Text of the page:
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  • The Autopsy of Jane Doe

    The Autopsy of Jane Doe

    ★★½

    And people complain about the third act of Hereditary?  Sheez, this was terrible.

  • Stop Making Sense

    Stop Making Sense

    ★★★★

    Great, now I’ve gotta track down the remasters.

  • Shoplifters

    Shoplifters

    ★★★½

    Although I loved the performance of Sakura Ando and Kor-eda's twisty endgame, the pacing of the film's second act suffers from his more episodic tendencies. Plus, from the trailer, I really expected that opening sequence in the grocery store to be more ... I don't know, something.

  • Black Mirror: Bandersnatch

    Black Mirror: Bandersnatch

    ★★½

    “If this were entertainment, surely it would be more interesting.”

    I grew up in the ‘80s, playing games like Zork and Balrog on a TRS-80, so I can dig it.  But setting aside the interactive gimmick (which may prove to overestimate the attention span of the average Netflix viewer), it seems to me that the only thing that is unique about this piece is its unprecedented level of meta.

  • Revenge
  • Vice

    Vice

    ★★½

    In contrast with the more confident and more informed The Big Short (2015), Vice feels like two separate movies: a two-dimensional portrait of Dick Cheney (driven by a quiet lust for power, a love for “his girls,” and pretty much nothing else) and a bashing of that low-hanging fruit known as the Bush administration.  I’m tempted to characterize the latter as arriving 15 years too late, like some defensive end piling on to a tackle 15 seconds after the whistle…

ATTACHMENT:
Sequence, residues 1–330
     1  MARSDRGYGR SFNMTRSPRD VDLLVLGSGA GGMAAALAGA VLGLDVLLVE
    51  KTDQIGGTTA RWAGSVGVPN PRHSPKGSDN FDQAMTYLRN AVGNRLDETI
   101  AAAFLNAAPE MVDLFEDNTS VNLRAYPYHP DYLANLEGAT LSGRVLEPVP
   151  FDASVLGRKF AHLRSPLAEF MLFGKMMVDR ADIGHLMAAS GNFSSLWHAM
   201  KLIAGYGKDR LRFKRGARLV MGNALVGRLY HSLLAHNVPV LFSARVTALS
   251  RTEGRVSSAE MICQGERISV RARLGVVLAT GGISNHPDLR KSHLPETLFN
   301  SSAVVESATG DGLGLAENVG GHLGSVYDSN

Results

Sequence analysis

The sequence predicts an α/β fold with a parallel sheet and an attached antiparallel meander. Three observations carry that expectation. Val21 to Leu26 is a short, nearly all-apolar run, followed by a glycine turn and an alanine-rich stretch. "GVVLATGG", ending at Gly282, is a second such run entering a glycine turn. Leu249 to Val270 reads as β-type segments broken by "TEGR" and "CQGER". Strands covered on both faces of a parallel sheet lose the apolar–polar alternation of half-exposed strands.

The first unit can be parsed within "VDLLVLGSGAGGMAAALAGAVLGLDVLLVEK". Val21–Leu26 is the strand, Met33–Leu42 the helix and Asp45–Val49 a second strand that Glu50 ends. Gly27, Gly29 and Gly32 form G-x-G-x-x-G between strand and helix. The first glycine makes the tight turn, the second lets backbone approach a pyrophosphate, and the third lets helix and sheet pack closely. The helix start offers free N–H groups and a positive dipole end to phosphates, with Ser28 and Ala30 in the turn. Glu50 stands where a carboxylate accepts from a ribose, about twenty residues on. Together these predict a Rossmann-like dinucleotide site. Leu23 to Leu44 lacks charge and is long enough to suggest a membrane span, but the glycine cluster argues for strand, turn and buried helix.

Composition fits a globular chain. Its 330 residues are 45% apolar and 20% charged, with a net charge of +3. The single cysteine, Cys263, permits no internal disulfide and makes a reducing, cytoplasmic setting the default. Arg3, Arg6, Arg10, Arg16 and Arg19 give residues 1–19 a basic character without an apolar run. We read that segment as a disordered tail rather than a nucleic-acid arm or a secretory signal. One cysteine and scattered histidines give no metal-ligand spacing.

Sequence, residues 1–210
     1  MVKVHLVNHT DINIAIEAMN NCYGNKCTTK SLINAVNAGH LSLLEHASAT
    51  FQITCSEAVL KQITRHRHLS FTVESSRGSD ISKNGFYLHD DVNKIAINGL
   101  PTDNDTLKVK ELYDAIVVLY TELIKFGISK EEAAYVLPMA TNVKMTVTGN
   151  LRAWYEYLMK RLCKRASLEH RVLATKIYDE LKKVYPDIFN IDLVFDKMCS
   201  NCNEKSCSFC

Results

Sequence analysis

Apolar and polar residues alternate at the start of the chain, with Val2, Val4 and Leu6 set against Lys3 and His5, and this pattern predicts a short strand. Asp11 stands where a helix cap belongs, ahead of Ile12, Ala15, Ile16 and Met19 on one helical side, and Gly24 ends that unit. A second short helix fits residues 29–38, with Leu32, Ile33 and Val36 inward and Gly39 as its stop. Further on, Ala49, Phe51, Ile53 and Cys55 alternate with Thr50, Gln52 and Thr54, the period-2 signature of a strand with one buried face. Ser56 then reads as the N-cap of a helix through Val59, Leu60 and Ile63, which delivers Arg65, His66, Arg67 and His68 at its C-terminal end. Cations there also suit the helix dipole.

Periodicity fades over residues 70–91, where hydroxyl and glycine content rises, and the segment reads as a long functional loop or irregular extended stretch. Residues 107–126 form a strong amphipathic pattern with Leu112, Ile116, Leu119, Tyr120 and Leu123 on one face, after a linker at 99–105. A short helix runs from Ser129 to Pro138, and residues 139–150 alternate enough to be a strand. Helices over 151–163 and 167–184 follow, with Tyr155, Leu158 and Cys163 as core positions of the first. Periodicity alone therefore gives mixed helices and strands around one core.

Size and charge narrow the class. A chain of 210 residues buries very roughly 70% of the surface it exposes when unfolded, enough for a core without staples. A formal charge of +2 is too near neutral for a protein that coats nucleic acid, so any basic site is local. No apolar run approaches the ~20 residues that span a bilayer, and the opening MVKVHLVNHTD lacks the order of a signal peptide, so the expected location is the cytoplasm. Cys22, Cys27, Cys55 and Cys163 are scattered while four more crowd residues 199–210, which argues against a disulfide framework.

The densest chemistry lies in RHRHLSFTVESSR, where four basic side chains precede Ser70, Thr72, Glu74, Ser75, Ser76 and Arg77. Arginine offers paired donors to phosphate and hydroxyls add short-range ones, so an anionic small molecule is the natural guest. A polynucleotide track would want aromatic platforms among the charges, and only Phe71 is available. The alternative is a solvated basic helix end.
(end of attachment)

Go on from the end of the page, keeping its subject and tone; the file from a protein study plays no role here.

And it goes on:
• If Beale Street Could Talk

    If Beale Street Could Talk

    ★★★

    Perfectly competent, if a little bit cloying in its manifestation of the underlying love story and a little bit disappointing in the wake of Moonlight

  • Spider-Man: Into the Spider-Verse

    Spider-Man: Into the Spider-Verse

    ★★★½

    Oh yes, it’s pandering (in more ways than one).   It’s also quite an adeptly made, entertaining piece of postmodernism, as superhero movies go.

  • Envy

    Envy

    “Where does the shit go?”

    (apparently where Barry Levinson attempts to channel the Farrelly brothers)

  • Vox Lux

    Vox Lux

    ★★★½

    My spouse enjoyed this a good deal more than A Star Is Born (2018); and if you listen to Filmspotting, you’d know this is one of Sean Baker’s three favorite films of 2018 (and that dude watches a lot of movies).  I’m not sure I’d go quite that far, but Vox Lux is certainly bold enough, and knowing enough (e.g., casting Raffey Cassidy as both mother and daughter as a thematic point), for me to keep an eye out for…

  • Roma

    Roma

    ★★★★½

    If the cinematic love letter is really a thing, then director Alfonso Cuaron’s fictionalized ode to his live-in childhood housekeeper, set in Mexico City circa 1971, must surely be considered a masterpiece of the genre.  I saw the black and white promotional stills (warning: nostalgia ahead) and I heard that Cuaron ended up having to operate the camera himself: what I was expecting was an austere indie, but what I got was nothing less than a work of art.  Cuaron’s…

  • Foxtrot

    Foxtrot

    ★★★★

    Irony, but with real potency (cf. The Ballad of Buster Scruggs).